“People driving by here because of the privacy fences, they tend to slow down,” she said. “If the objective was to block my house from view, they didn’t succeed very well.”

You can see where this is going; by this time next year, one side or the other will have put up a big-ass flag.

More seriously, this is just headache-inducing. The only people benefiting from this rancorous business are flagpole installers and the local lumber yard.

I don’t know what the answer here is. Caddell has a right to display her flag; her neighbors have a right to make their objection to it clear. But neither benefits from continually upping the ante, nor does it help to bring in outside groups and activists to use this case to fight a larger proxy battle for historical memory, as recently happened in Lexington. That only serves to harden the resolve of all concerned, by raising the purported stakes beyond what they actually are. I hope Caddell and her neighbors eventually come to some sort of resolution in this business. But that doesn’t seem likely anytime soon, so long as all parties insist on following the tired script of action and reaction, and insist on having others fight their rhetorical battles instead of talking to each other like responsible grown-ups.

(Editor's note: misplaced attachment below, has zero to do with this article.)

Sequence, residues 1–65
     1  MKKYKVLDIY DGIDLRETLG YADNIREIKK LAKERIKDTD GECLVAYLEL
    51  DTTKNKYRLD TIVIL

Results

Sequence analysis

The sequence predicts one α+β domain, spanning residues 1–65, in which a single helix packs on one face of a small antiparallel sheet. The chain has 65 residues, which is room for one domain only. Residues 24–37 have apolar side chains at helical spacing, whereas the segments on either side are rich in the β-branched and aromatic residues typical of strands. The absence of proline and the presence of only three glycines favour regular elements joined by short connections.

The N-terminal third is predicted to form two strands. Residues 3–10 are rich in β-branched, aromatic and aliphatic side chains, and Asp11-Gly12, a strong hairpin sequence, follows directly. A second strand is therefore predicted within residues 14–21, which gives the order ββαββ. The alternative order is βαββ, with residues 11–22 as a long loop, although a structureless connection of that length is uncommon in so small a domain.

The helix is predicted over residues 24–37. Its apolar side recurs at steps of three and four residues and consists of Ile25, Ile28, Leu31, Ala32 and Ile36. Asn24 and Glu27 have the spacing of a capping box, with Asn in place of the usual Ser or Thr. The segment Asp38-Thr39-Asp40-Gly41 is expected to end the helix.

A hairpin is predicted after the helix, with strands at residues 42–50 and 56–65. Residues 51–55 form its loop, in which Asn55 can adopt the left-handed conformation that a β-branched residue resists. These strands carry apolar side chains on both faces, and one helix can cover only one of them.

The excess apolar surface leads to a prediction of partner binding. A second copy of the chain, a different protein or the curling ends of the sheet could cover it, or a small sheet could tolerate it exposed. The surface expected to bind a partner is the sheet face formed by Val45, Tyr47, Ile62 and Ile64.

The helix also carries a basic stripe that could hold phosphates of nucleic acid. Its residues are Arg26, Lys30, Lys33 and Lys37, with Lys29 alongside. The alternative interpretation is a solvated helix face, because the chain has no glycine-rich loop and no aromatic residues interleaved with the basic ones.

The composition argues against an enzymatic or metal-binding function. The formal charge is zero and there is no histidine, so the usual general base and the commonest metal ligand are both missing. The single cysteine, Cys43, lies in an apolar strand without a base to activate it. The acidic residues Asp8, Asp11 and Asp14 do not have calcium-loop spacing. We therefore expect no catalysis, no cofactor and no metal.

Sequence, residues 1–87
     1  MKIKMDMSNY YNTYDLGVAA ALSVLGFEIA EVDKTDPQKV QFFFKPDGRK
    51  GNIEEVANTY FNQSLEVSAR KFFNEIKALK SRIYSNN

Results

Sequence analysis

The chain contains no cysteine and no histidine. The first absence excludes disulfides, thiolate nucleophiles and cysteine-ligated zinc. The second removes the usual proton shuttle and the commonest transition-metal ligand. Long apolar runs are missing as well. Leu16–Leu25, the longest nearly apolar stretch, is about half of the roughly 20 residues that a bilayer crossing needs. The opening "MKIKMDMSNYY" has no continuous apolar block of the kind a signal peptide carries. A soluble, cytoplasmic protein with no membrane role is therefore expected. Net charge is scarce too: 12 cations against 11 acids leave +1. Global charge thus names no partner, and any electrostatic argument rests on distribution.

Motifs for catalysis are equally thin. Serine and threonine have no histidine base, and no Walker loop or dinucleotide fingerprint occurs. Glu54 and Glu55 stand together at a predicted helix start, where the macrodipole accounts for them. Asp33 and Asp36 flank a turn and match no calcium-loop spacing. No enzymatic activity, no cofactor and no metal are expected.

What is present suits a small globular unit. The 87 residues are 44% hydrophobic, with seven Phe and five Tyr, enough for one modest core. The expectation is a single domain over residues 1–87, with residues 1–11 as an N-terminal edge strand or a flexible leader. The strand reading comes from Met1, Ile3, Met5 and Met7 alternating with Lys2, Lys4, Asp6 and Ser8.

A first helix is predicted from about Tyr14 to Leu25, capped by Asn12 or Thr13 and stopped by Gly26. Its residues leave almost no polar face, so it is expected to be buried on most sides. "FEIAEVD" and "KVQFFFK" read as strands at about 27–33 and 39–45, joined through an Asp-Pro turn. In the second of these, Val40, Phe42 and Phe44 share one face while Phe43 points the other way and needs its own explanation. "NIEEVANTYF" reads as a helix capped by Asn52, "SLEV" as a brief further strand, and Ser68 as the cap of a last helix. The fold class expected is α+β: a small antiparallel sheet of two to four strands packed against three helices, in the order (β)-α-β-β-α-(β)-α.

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Image (Original Caption): Brownsville Community resident Tim Hudson (right) tells H.K. Edgerton of Ridgeville he looks “ridiculous” in his Confederate uniform as he stands with outside the home of Annie Chambers Caddell Saturday, October 16, 2010. Brownsville community members marched past Caddell’s home to protest her flying of the confederate flag outside her home in the predominantly black neighborhood. Hudson was not a marcher in the protest group. Photo by Alan Hawes, postandcourier.com.

“The work of soldiers amounts to very little.”